Everyone’s talking about Sattar Buksh

Published: September 20, 2013
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Owners Rizwan Ahmed Malik and Adnan Yousuf talk about the Starbucks controversy and managing an image. PHOTO: ARIF SOOMRO/EXPRESS

Owners Rizwan Ahmed Malik and Adnan Yousuf talk about the Starbucks controversy and managing an image. PHOTO: ARIF SOOMRO/EXPRESS

Owners Rizwan Ahmed Malik and Adnan Yousuf talk about the Starbucks controversy and managing an image. PHOTO: ARIF SOOMRO/EXPRESS Owners Rizwan Ahmed Malik and Adnan Yousuf talk about the Starbucks controversy and managing an image. PHOTO: ARIF SOOMRO/EXPRESS Owners Rizwan Ahmed Malik and Adnan Yousuf talk about the Starbucks controversy and managing an image. PHOTO: ARIF SOOMRO/EXPRESS Owners Rizwan Ahmed Malik and Adnan Yousuf talk about the Starbucks controversy and managing an image.
KARACHI: 

The striking resemblance between the names Starbucks and ‘Sattar Buksh’ is no mystery — mainly because it is a  deliberate marketing tactic.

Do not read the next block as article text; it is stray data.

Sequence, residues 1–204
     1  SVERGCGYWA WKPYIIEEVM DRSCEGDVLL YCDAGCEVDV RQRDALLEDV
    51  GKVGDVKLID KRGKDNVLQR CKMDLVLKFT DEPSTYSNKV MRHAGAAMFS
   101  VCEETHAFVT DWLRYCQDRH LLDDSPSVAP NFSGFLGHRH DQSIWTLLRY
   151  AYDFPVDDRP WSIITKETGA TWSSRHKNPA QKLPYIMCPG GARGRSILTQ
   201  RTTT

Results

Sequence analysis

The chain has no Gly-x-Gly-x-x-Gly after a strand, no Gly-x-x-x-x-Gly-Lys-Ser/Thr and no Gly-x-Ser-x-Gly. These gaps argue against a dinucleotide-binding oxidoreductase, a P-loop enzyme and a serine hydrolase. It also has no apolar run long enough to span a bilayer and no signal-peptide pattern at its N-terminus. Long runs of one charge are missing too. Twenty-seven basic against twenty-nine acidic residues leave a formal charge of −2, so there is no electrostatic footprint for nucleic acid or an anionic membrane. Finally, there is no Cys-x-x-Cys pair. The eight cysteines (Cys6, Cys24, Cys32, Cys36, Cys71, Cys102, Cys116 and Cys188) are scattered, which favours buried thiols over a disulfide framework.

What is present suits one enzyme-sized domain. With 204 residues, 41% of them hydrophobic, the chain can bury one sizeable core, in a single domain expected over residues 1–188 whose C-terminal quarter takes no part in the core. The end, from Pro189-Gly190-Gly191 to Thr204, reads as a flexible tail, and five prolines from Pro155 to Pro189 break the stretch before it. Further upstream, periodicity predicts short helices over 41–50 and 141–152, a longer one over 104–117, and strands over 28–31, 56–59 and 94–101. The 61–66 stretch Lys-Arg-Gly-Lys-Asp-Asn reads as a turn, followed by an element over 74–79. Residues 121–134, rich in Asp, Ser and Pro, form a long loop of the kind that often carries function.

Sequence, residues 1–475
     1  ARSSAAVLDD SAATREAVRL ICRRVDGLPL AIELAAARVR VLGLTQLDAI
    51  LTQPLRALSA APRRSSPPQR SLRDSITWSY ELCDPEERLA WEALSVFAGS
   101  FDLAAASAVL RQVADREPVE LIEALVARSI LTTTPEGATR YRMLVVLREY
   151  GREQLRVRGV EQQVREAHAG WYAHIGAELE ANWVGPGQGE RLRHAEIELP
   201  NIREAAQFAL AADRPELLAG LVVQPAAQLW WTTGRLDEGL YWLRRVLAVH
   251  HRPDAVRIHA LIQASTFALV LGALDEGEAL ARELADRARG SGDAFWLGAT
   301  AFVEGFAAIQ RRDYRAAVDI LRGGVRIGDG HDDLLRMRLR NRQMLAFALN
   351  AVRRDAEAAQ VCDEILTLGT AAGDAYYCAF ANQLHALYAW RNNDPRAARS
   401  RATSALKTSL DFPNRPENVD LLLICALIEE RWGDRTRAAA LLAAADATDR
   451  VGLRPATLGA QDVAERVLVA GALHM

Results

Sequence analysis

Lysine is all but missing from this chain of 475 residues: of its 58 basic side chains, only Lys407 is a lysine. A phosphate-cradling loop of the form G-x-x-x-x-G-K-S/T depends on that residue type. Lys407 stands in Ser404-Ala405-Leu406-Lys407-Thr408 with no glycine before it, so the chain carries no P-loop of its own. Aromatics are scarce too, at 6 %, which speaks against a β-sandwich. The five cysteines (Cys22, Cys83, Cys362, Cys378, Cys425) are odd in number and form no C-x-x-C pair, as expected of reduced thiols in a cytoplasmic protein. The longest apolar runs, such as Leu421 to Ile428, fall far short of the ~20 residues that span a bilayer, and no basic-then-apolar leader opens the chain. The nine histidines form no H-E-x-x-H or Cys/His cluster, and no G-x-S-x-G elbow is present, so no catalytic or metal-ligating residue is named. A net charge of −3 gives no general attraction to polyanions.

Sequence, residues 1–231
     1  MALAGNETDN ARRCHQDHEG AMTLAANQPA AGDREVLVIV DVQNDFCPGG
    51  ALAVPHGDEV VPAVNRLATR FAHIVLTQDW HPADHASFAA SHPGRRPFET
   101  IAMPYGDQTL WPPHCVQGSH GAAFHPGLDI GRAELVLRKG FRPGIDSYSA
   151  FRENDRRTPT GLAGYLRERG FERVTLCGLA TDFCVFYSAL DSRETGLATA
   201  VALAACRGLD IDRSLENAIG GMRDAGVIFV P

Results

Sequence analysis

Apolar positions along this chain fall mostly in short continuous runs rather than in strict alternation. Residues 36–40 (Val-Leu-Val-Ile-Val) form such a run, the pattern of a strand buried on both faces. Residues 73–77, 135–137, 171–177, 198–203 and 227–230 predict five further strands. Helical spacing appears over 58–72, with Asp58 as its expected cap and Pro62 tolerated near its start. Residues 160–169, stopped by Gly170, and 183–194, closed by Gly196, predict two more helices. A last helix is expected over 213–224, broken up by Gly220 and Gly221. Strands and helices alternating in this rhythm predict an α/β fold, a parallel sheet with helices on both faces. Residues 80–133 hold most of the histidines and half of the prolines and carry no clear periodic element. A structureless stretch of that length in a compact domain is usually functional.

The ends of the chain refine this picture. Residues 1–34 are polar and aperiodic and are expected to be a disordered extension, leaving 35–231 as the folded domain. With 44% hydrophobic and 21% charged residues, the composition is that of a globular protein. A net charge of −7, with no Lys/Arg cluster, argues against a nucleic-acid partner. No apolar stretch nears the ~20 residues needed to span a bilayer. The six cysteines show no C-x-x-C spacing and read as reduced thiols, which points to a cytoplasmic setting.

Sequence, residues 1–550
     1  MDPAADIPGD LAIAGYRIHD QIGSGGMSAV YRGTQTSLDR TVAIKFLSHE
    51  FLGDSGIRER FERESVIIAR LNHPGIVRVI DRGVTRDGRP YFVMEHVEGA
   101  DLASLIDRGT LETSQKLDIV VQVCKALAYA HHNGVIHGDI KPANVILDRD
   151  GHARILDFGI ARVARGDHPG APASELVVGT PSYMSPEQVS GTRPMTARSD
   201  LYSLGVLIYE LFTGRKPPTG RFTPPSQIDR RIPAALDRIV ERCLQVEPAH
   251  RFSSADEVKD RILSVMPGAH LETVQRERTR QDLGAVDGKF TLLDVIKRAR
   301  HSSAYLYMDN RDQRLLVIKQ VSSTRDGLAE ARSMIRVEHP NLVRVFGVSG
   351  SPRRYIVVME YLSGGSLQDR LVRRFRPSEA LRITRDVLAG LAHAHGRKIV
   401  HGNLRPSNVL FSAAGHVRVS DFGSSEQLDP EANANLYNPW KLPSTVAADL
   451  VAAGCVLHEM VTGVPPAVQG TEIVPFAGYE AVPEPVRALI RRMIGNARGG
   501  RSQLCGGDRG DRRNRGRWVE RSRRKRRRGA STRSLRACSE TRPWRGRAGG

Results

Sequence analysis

While the name seems to mock the international coffee chain Starbucks, the presence of the moustache in the branding is the continuation of a new pop culture phenomenon. The moustache is often found outside men’s rooms, barber shops and other places as well such as N-Gents. The large, black twisted moustache, which often sparks the famous Punjabi saying “mooch naie tey kuch naie”, peeps out to the public from the café.

Sattar Buksh is the latest addition to the list of cafes opened up to cater to the insatiable Karachi appetite, which is ready to engulf everything as people reach new heights of desperation in the entertainment-starved, terror-stricken metropolis. The new place has opened up in Clifton Block 4, that is fast picking up as the next swanky lane catering to the discerning and privileged. It has restaurants such as China Kitchen, Hook, Line & Sinker and the newly opened, Monte Cristo. The Sattar Buksh team says it wasn’t their first venue choice; the cafe was supposed to be in another location in Clifton.